For Homeless Youth, Getting an Education is Easier Said Than Done

High School Senior Dawn Loggins (CNN)

Concerns regarding student loans are increasing.  Barack Obama and Mitt Romney are making ample time to discuss this issue in the presidential campaign. However, the majority of Americans do not realize how fortunate they are. Most of the college students and graduates who are concerned about their student loan debt did not need to worry about where they could live, eat, or sleep when they were growing up.

Forty percent of the nation’s homeless population is made up of families with young children.

Dawn Loggins, a high school senior from Lawndale, North Carolina, was one of the children who did not have any home while growing up. She moved from one place to another constantly. However, her future is bright. She applied to four colleges in North Carolina and one Ivy League school—Harvard. She was accepted by each of them. After graduating from high school, Dawn will pack her bags and pursue her dreams in Cambridge.

Growing up, Dawn faced multiple obstacles. She lived in a house without electricity and running water, forcing she and her brother to retrieve fresh water. She wore the same clothes repeatedly and did not have any opportunity to shower. She was bullied relentlessly in middle school. When she was twelve, she moved in with her mother and stepfather after having lived with her grandmother. Things did not get better, as her stepfather lost his job and faced multiple evictions. In the midst of this, Dawn and her brother missed school for several months.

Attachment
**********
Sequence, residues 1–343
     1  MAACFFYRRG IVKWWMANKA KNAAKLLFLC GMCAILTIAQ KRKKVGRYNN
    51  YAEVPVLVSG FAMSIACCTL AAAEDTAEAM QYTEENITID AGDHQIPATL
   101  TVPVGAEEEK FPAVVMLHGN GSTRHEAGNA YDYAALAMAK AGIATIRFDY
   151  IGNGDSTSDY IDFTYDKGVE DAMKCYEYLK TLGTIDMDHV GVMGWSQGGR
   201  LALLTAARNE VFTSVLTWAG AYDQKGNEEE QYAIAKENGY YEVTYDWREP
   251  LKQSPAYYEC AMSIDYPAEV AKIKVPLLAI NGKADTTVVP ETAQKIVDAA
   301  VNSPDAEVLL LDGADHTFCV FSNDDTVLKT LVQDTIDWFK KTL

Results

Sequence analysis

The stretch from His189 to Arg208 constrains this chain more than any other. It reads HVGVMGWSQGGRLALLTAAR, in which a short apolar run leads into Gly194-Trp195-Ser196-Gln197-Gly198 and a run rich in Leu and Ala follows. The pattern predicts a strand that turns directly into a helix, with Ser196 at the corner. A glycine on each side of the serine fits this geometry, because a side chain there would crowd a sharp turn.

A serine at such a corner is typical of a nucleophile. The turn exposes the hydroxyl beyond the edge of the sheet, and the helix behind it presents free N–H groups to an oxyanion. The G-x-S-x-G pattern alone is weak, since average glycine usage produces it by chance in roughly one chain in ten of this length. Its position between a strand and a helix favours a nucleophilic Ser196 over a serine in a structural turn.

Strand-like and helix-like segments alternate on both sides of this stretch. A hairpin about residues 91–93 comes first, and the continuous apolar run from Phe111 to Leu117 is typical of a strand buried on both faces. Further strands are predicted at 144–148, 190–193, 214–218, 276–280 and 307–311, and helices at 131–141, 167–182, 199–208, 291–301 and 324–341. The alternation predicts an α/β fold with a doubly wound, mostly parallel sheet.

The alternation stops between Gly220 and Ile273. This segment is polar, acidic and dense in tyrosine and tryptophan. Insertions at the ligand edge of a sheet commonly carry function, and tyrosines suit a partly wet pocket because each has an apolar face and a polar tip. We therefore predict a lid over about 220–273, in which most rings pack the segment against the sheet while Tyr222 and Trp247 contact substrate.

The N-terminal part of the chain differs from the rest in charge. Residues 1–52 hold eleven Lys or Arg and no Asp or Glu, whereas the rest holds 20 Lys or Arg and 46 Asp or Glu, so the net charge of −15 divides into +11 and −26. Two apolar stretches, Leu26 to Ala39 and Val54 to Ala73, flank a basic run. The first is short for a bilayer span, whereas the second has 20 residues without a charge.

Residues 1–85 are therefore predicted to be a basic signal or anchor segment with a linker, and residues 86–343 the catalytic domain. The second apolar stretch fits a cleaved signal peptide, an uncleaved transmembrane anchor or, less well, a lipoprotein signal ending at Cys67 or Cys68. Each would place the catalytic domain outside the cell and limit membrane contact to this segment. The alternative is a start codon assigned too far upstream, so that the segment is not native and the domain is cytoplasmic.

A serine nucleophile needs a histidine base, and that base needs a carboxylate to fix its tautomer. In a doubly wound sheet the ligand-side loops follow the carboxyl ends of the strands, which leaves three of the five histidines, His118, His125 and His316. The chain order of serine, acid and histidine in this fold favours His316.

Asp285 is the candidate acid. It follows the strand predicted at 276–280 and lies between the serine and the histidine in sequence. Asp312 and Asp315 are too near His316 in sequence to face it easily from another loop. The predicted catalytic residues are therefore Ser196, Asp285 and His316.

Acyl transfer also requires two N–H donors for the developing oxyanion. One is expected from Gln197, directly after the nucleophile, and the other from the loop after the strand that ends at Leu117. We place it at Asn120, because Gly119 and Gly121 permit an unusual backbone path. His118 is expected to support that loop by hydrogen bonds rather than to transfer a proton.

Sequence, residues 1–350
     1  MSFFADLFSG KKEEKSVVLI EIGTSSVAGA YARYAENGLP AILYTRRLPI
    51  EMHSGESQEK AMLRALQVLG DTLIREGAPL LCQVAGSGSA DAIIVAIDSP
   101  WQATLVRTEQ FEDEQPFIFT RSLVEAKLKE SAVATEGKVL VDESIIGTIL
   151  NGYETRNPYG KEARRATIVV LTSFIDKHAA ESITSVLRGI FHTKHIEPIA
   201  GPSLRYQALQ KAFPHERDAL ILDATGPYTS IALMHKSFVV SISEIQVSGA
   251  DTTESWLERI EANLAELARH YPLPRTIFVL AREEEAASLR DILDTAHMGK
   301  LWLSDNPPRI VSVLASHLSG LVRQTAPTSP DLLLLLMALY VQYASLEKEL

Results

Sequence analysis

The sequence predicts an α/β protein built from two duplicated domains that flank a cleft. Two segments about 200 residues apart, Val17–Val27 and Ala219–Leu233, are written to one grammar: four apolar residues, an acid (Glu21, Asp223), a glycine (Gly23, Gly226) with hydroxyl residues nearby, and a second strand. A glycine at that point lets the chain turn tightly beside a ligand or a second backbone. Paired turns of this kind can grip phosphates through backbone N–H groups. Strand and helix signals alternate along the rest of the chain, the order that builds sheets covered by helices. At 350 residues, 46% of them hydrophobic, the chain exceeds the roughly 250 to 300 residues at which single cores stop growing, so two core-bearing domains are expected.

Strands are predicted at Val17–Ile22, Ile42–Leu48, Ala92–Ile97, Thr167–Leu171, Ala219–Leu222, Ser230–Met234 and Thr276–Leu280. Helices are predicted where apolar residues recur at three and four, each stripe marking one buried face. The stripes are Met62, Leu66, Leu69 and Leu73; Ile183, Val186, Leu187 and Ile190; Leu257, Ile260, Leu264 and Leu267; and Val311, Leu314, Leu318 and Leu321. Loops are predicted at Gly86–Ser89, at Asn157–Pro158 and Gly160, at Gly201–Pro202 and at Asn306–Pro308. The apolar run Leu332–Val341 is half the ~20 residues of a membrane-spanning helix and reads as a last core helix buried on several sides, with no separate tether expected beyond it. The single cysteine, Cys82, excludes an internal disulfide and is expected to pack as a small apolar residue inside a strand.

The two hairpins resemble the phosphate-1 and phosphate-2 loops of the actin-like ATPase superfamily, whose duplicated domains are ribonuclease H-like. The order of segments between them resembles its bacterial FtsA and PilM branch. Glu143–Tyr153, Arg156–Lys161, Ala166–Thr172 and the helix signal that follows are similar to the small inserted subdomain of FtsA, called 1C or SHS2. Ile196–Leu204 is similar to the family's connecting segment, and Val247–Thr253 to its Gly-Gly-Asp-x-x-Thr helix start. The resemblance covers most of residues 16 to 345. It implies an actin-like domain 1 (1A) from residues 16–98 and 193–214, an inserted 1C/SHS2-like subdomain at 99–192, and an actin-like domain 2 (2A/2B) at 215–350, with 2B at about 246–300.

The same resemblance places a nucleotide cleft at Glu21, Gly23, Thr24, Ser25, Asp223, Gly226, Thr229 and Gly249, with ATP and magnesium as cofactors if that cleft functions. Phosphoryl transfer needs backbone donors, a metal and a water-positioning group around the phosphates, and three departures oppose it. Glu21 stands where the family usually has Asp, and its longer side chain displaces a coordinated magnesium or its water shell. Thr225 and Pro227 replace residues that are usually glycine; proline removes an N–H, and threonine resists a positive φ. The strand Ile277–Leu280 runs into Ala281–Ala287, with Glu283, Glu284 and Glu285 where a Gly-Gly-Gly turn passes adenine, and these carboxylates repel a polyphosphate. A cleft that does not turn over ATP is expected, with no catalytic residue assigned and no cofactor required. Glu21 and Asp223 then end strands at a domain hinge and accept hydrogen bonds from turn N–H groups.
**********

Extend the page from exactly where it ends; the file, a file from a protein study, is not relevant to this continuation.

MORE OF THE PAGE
It was in 2010, when Dawn and her brother enrolled in a new school, that their guidance counselor, Robyn Putnam, saw the potential in Dawn and her brother. She supported them as they took online classes to catch up academically. Dawn was invited to North Carolina Governor’s School camp in the summer of 2011. Returning from the camp, she discovered that her parents had abandoned her. In the siblings’ time of need, the Burns High School community stepped in. Dawn and her brother stayed over at their friends’ places and found a temporary home with a school custodian.

While applying to colleges, Dawn was urged to “aim high” and apply to an Ivy League school. Dawn took that advice and applied to Harvard.

Dawn Loggins’ story is very inspiring; however, it is also a startling reminder of the prevalence of youth homelessness. This issue deserves the same amount of attention as the student loan issue is getting.

– Stephanie Johnston, Development & Communications Intern

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2 Responses to For Homeless Youth, Getting an Education is Easier Said Than Done

  1. Carol Beaver says:

    Your last sentence is the reason Dawn allowed the Shelby Star to their initial 4-part series on her, the story that started all the publicity.
    She realised that there were 200 homeless students in her small county alone. She wanted to put a face on younth homelessness. She also wanted to show others in her situation that you can work your way out, it can be done.

  2. homelessnesslaw says:

    This is a really important point. People need to know what youth homelessness is all about, and it needs to be destigmatized for those experiencing it.

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